"Historically, pandemics have forced humans to break with the past and imagine their world anew. This one is no different. It is a portal, a gateway between one world and the next. We can choose to walk through it, dragging the carcasses of our prejudice and hatred, our avarice, our data banks and dead ideas, our dead rivers and smoky skies behind us. Or we can walk through lightly, with little luggage, ready to imagine another world. And ready to fight for it.”
I first hear Arundhati Roy’s voice in my parent’s kitchen, almost twenty years ago. She was an early and clear voice for peace in the run up to the war in Iraq, and my mother ordered a CD of one of Roy’s speech’s.
In 2003, Arundhati Roy made the same point she makes today: the way we have lived in the past does not need to be how we live in the future. We have the capacity to imagine different ways of being, and then live into them. There are big things we might imagine: a world that rises to the challenge of pandemics and climate change, or a country that comes to terms with our history of oppression and violence.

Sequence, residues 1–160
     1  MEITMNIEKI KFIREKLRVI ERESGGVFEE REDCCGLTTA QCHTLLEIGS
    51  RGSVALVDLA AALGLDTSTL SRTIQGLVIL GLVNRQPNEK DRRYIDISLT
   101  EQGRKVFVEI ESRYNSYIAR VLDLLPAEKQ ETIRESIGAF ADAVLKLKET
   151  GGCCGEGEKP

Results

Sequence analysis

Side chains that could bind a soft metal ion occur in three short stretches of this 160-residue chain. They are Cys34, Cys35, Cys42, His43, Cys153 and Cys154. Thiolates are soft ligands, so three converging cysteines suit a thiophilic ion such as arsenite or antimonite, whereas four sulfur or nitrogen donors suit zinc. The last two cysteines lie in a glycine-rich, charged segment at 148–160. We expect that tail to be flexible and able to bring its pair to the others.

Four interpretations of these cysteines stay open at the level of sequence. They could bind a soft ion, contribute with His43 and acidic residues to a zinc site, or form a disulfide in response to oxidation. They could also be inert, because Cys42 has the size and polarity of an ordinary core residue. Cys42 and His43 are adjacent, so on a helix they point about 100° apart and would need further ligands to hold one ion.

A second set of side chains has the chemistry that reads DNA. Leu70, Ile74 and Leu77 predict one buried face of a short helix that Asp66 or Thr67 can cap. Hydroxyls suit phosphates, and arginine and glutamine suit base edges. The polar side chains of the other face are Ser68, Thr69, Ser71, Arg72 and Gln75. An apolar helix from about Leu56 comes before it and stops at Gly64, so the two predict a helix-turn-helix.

There are also opportunities to imagine new ways of being on a more intimate scale. In October, my parents moved from their home in upstate New York to live with me and Stacie in Nebraska. For the last two months, we have been living as a pod of five people, each of the four adults taking turns with the toddler as the other three work remotely. As an experiment in living during pandemic it has been a significant practical success- as a time to imagine what it means to live in a multigenerational household, it has been revelatory.
In January, my mother needs to return to New York for a surgery that is straightforward but time sensitive. Rather than rethink how we are living through the pandemic or put Ailish back in daycare before we are ready, Stacie and I will travel with my parents to New York for six to eight weeks, starting in early January. This is possible because we are temporarily a fully remote church- indeed after working through the options for some time it was apparent that this is the option that is least disruptive to my ministry. I lay this out in more detail in my daily video update from December 21, 2020, available here: https://youtu.be/umCcgaNyt3A.
Our family will return to Lincoln some time in March, and we cannot wait to gather in person with all of you at the church. In the meantime, take some time to imagine. What are the ways that we will be together? What is the world that we can imagine together?
Be at peace, beloveds,
Rev. Oscar Sinclair serves as the Settled Minister for The Unitarian Church of Lincoln, Nebraska.